What Is a Point of Purchase (POP)?
A point of purchase (POP) is a term used by marketers and retailers when planning the placement of consumer products, such as product displays strategically placed in a grocery store aisle or advertised in a weekly flyer. Similar to this term is the point of sale (POS), which is the point at which a customer purchases and pays for products, such as on a website or at a store checkout. The POP is the area that surrounds the POS, where customers often encounter promotional activities or other products.
- The point of purchase (POP) is the area in which marketers and retailers plan promotional activities surrounding the consumer products.
- POPs may be real, as in the case of a brick and mortar store, or virtual, as in the case of an electronic retailer that sells goods and services online.
- To stay competitive and aid brand owners in promoting their products, POP display manufacturers are focused on improving aesthetics, as well as creating innovative product designs.
- The global POP displays market is expected to expand at a compound annual growth rate (CAGR) of 5.9% from 2018 to 2026.
Understanding Point of Purchase
In recent years, the point of purchase for products and services has been an area of focus for marketers. POPs may be real, as in the case of a brick and mortar store, or virtual, as in the case of an electronic retailer that sells goods and services online. In both cases, marketers and retailers must determine the best way to showcase their products and services.
At the point of sale, the merchant typically creates an invoice or sales order. After receiving payment, the seller generates a receipt for the customer. Merchants traditionally printed receipts; however, now many are delivered electronically.
Part of the point of purchase takes into account POS systems and experiences as well. POS systems frequently use hardware or software tailored to a particular industry or business. Although some small retailers use off-the-shelf cash registers to calculate payment amounts and issue receipts, most POS systems are computer-based, digital, and incorporate other devices or peripherals such as printers, bar code scanners, scales, and touch screens. In some cases, customers perform the duties that were previously performed only by checkout clerks such as scanning bar codes, weighing items that are sold by weight, operating POS terminals by tapping their fingers against touch screens and making payments by swiping their credit cards or inserting cash into machines.
Also, retailers use POS software for accounting, warehousing, and management functions such as to track inventory and revenue. The software may be used to manage inventory, alerting warehouses when shelves run low, or create purchase orders and automatically send them to suppliers. POS software may assist management in deterring theft and employee fraud. It may be integrated with a business's accounting system to enter the day's sales directly into the company's books.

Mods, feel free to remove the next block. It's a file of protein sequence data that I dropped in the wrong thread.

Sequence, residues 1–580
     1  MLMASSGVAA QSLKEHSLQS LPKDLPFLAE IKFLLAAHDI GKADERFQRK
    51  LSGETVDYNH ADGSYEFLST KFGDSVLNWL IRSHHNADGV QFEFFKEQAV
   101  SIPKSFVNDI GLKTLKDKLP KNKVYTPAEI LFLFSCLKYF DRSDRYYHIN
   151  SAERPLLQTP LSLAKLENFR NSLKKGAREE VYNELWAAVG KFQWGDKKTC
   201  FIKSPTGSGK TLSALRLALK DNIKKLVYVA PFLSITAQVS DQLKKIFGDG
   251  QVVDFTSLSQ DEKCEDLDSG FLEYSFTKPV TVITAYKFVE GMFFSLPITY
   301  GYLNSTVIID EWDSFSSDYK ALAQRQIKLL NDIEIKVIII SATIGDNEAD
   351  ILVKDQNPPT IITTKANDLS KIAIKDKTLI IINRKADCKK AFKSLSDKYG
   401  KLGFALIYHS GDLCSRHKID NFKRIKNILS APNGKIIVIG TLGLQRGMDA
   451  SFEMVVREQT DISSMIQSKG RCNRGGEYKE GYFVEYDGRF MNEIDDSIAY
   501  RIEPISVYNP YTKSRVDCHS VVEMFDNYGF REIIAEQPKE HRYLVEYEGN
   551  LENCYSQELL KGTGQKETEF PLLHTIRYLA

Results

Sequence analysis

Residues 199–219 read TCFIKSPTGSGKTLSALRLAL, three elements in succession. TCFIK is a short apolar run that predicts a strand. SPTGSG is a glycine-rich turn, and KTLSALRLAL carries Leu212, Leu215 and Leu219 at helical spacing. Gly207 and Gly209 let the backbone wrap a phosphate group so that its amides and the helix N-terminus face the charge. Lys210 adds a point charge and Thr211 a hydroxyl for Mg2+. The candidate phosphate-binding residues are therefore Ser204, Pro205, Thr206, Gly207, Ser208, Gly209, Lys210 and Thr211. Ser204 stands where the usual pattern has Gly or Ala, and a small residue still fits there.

Modern POS systems are commonly programmable or allow enhancement with third-party software programs. These systems can be tailored to meet specific needs. For example, many retailers use POS systems to manage membership programs that award points to frequent buyers and issue discounts on future purchases.
Cloud-based POS systems are increasingly in use, particularly for large online merchants, to track and process numerous purchases. Cloud-based systems can greatly reduce the upfront costs of implementing a POS system for many businesses.
Customers can also interact directly with POS systems, particularly in the hospitality industry. Often referred to as location-based technology, these systems can process transactions at customer locations. For example, at many restaurants, customers can view menus and place orders on terminals located at their table. In hotels, customers use similar terminals to place orders for room service or to pay hotel bills.
According to the Global Point of Purchase (POP) Displays Markets Report, the global point of purchase displays market is expected to expand at a compound annual growth rate (CAGR) of 5.9% from 2018 to 2026. Although online shopping appears to be a popular shopping option, customer preference for in-store shopping remains strong.
To stay competitive and aid brand owners in promoting their products, POP display manufacturers are focused on improving aesthetics, as well as creating innovative product designs. Also, the intensifying competition in the retail industry and resulting use of POP displays for enticing customers to purchase products have encouraged retailers to demand different custom-made displays capable of serving specific needs across different retail facilities. Customization offered in terms of aesthetics, capacity, and mobility can greatly impact a company's brand identification.